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By Mark Moran - Producer-Editor, Contact - News


Big Sky Connection - Teachers are pushing back on a measure that would allow parents of special education students in Montana to use public school money for private education vouchers. Thirteen states nationwide have created Educational Savings Account (ESA) programs, which are costing some states more than twice what they budgeted. Comments from Amanda Curtis, president, the Montana Federation of Public Employees, which represents teachers.

Click on the image above for the audio.  Montana House Bill 393, which would create Educational Savings Accounts for special education students, is scheduled to take effect July 1, 2024. Critics vow to challenge it in court. (Adobe Stock)

Mark Moran

January 30, 2024 -The union that represents Montana teachers opposes a move to legalize private school vouchers in the state.

Educational Savings Accounts, or ESAs, are growing in popularity around the country. ESAs allow people to use state money to pay private school tuition.

House Bill 393, which Montana lawmakers passed last year, is slightly different than in other states - in that the money would be limited to tuition vouchers for special education students.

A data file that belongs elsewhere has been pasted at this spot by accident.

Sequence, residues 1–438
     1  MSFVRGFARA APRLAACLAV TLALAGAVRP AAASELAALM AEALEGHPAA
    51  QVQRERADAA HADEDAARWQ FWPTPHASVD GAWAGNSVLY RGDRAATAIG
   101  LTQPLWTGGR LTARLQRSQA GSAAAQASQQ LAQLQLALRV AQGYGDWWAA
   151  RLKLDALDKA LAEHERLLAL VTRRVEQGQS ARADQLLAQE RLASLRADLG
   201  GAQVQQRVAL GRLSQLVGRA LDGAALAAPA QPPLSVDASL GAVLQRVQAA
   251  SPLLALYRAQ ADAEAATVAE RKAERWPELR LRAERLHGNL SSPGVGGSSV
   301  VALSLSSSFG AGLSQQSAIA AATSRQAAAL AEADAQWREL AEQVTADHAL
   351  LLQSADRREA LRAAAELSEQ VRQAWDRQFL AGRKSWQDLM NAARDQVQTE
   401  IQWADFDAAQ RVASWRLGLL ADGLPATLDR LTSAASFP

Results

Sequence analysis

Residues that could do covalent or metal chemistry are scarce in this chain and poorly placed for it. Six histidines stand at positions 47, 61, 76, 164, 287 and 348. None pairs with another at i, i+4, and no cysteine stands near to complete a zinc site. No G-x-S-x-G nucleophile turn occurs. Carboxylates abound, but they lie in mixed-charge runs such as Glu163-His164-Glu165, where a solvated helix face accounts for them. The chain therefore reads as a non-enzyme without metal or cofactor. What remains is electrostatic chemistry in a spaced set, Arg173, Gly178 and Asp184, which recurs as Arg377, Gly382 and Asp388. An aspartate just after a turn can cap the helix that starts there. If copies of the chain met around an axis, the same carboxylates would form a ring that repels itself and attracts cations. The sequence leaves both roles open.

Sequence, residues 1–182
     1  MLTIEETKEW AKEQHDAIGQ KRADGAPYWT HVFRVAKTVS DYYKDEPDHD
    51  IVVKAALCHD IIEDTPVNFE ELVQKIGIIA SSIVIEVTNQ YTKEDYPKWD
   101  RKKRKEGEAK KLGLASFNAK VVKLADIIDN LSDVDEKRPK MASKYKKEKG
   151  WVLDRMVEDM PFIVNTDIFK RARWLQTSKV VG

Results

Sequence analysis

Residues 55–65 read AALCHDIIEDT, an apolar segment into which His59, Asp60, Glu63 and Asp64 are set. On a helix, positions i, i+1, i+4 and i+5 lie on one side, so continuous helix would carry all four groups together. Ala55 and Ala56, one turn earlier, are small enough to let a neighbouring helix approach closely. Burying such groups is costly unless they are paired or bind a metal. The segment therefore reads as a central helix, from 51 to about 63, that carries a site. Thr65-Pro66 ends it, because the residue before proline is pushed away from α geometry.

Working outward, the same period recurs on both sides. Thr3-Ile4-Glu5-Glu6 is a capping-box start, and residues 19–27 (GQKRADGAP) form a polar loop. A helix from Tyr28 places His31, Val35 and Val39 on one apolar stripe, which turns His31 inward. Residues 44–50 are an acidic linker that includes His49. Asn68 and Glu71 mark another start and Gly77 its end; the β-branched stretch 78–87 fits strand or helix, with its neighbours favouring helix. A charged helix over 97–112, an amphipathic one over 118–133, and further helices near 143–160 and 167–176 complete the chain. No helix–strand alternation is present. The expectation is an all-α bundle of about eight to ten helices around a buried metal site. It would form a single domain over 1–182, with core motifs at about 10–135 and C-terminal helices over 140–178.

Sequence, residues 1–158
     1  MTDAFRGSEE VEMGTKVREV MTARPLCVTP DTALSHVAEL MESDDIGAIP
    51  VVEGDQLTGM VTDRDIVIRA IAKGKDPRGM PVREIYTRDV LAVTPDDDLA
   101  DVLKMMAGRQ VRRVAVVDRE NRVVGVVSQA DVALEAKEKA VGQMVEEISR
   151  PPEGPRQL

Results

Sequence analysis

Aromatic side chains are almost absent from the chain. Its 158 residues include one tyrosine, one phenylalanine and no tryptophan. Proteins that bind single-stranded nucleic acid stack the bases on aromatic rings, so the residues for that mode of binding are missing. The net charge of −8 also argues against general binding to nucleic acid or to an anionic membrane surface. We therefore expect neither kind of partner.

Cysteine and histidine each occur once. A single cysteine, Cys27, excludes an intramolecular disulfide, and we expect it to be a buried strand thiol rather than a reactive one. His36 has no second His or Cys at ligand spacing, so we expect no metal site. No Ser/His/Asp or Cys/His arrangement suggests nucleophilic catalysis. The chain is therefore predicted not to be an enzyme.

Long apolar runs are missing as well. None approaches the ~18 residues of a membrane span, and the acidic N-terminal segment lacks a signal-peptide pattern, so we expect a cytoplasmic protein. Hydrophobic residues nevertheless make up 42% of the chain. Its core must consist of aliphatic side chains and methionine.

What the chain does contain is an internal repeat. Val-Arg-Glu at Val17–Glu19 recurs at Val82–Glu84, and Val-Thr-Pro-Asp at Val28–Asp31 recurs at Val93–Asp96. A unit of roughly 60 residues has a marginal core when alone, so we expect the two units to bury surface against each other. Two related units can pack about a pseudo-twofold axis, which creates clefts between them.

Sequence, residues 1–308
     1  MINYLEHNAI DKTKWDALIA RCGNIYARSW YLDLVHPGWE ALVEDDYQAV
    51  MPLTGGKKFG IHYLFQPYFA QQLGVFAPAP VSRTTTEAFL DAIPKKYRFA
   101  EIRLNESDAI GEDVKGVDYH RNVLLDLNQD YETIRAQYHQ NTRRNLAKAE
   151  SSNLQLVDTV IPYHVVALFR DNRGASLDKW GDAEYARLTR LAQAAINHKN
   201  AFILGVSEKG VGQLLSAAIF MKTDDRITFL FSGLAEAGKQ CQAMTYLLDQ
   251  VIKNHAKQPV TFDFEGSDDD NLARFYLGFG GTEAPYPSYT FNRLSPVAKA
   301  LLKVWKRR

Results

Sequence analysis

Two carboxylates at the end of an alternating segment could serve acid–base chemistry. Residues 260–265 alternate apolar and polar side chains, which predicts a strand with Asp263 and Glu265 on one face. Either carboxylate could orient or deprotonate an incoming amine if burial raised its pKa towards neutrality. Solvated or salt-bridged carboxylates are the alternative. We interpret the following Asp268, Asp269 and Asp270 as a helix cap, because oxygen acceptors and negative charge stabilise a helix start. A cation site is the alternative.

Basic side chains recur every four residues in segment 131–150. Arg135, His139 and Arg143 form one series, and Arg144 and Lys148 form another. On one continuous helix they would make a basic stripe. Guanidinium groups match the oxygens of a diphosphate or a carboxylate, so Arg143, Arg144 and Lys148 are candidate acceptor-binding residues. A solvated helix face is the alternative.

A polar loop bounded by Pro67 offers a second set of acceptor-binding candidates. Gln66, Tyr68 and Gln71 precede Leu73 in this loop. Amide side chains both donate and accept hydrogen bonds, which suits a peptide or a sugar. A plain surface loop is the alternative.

Montana Federation of Public Employees' President Amanda Curtis said using state money for private schools leaves students without the protection of the Montana Constitution.

"This voucher system literally takes money on a 'per-kid' basis," said Curtis, "which de-funds the public education system and denies students their constitutional right to access a quality public system."

Supporters of the measure say students with special needs often do better at home or in private schools than in public schools. The Montana Legislature will next convene in 2025.

Thirteen states have passed some version of the ESA program, but Curtis contended the movement will ultimately fail on the national level.

She said she thinks Montana will follow suit because the state's decisionmakers have jumped on a trend and been influenced by outside groups.

"I am constantly concerned about some politicians in Montana," said Curtis, "allowing our policy decisions to be influenced by the national political rhetoric."

In most states that have passed them, ESAs are projected to cost the state more than double what the legislatures budgeted for them, effectively taking that money directly out of public school budgets.

Curtis said she has vowed to challenge Montana HB 393 in court.

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